I wonder if it was like this 2,000 years ago. If it was, when Jesus died, Pontius Pilate would have appeared on Sky News moments after the cross was taken down and said, “The world mourns today a man of great integrity. It was an honour to have known him, and even when I sentenced him to crucifixion, he showed great forgiveness, and that shows what a great figure he was.”
On the BBC the newsreader would say “With me here is one of his closest associates. Judas, what memories do you have of Jesus?” And Judas would say he always displayed dignity and humility, and most importantly forgave those that betrayed him, and finish with an amusing anecdote, about how pernickety he could be about which bread to break at supper.
On Radio 5 live the moneylenders at the temple would say he was a heroic figure, who may have thrown over the moneylenders’ tables in the temple, but said he was sorry for the mess that was caused, which is the main thing, then every newspaper would tell us that “tributes have flooded in from across the Roman Empire, led by King Herod who said ‘It is a sad day for Nazareth, and a sad day for Rome’.”
Many of the official tributes to Nelson Mandela, such as the one from David Cameron, have emphasised his ability to forgive, and his apparent rejection of bitterness is part of what made him extraordinary. But the reason his capacity for forgiveness towards the rulers of apartheid mattered, was that he’d organised opposition to it, took up arms against it and overthrew it. If he hadn’t, if his notable side was forgiveness, he would simply have been a kindly chap who’d passed away with no one outside his family taking much notice.
Few people now defend apartheid, but someone must have liked it at the time or it wouldn’t have been such a nuisance to destroy. Margaret Thatcher, idol of many who made tributes to Mandela, bragged with a fervour that actually made her look drunk, that she’d rejected sanctions against the regime, as the ANC was a “typical terrorist organisation.” Many sportsmen and musicians broke the boycott, repeating the sentiments of Denis Thatcher who said “we play our rugby where we like”. There were the ‘Hang Mandela’ t-shirts, and countless commentators and politicians who belittled the demonstrations and boycotts.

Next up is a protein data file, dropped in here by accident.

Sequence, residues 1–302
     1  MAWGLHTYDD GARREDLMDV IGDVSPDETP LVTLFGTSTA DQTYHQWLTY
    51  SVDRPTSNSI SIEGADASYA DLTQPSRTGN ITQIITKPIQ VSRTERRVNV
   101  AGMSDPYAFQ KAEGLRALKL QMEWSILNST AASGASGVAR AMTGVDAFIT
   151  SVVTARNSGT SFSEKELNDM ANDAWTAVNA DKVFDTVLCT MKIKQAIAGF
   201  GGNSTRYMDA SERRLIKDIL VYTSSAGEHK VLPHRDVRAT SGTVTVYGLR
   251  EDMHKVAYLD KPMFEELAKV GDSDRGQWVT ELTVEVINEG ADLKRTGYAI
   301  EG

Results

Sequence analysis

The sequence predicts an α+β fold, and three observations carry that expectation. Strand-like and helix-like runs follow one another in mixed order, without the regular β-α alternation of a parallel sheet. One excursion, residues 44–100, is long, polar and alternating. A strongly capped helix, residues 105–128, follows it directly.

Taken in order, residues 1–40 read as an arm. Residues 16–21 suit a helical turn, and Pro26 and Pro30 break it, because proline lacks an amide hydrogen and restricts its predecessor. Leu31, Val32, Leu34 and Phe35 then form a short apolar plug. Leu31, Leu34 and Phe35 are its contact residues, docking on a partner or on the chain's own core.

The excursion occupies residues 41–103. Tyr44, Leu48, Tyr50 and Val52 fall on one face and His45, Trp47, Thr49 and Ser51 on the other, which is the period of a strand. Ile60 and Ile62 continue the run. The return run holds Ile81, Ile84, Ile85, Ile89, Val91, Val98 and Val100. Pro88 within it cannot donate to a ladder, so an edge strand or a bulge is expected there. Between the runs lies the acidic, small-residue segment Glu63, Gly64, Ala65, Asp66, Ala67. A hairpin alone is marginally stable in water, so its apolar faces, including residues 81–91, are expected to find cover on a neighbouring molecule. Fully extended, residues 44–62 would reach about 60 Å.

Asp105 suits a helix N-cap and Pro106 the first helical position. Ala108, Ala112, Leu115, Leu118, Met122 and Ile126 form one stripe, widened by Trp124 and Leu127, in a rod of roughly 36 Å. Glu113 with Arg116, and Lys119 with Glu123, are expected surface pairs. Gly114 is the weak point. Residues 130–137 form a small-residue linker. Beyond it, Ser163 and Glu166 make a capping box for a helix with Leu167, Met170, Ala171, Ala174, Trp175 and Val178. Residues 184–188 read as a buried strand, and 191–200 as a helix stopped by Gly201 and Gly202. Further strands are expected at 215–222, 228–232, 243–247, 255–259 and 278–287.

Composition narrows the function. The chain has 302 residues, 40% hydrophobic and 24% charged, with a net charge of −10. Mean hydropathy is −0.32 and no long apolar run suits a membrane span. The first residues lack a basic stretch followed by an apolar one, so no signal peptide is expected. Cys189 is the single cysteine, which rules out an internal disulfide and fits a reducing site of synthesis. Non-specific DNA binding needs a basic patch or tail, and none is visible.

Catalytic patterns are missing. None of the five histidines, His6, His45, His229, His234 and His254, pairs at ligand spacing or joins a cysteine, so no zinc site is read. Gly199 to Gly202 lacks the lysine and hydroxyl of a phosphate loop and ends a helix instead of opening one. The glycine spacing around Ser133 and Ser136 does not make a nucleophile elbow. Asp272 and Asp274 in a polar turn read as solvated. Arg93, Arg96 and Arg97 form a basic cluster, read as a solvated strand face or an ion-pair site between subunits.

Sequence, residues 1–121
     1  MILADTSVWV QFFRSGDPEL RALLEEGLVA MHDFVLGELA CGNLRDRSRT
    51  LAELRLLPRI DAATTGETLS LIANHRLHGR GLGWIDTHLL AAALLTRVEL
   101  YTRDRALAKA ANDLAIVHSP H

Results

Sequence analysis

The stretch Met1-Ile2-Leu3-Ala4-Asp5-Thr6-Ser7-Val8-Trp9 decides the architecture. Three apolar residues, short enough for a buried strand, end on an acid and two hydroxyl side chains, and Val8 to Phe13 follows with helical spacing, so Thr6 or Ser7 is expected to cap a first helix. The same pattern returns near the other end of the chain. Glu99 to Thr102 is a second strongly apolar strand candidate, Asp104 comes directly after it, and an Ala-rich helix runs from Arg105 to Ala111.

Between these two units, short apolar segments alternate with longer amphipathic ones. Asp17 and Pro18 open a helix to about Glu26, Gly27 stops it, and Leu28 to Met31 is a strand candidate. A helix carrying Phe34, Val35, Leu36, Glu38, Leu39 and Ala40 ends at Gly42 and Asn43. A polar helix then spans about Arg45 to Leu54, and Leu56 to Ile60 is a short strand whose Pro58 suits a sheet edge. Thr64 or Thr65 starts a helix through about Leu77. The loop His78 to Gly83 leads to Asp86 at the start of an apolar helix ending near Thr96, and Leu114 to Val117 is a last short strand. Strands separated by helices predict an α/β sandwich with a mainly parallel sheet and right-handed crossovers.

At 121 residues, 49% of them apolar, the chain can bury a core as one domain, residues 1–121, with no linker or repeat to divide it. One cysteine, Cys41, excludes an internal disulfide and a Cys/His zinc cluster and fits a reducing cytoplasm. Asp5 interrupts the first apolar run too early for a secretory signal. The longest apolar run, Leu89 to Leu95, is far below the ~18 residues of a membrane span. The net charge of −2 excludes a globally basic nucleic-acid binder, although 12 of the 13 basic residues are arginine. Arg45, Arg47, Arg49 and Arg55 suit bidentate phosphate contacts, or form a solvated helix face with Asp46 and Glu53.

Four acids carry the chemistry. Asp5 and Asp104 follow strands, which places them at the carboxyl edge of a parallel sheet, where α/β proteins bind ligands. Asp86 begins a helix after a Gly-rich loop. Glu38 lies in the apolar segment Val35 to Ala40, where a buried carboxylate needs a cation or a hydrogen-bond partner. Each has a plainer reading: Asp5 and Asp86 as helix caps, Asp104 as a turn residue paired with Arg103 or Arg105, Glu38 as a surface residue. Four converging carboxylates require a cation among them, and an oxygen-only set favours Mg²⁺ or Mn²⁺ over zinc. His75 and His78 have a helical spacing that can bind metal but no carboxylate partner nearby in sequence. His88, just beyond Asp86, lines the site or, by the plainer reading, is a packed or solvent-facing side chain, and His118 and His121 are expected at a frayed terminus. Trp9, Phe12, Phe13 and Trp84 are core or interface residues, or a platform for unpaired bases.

I visited Robben Island prison, where Mandela had been incarcerated, in 2003. To get my ticket I visited an office in Cape Town, with glossy posters on the wall, covered in flowery lower case jolly African writing, exclaiming that your trip to South Africa wasn’t complete without taking the unique opportunity of a trip to the famous island. I got on a catamaran with Americans and Germans, who smothered themselves in sun cream and took pictures of each other as they held out their arms and giggled.
Had they turned the prison into a theme park, I wondered, maybe with a water-canon-slide, and a helter skelter shaped like a giant Desmond Tutu?
But tours of the prisons are conducted by ex-prisoners. As we wandered round the cells our guide explained how he and fellow convicts had been allotted different amounts of bread according to their race, and how they were made to work 16 hours a day on the land. “One day”, he said, “As I was digging, on the day of the month my father was due to visit, a guard called my name. I stood before him on that spot there and he said ‘Your father won’t be visiting today as he’s been shot. Now get back to work’.”
His father survived the shooting, it turned out, but never walked again, and the guide told us the three responsible for the attempted murder were free under the rules of the Truth and Reconciliation Committee, and were now wealthy businessmen.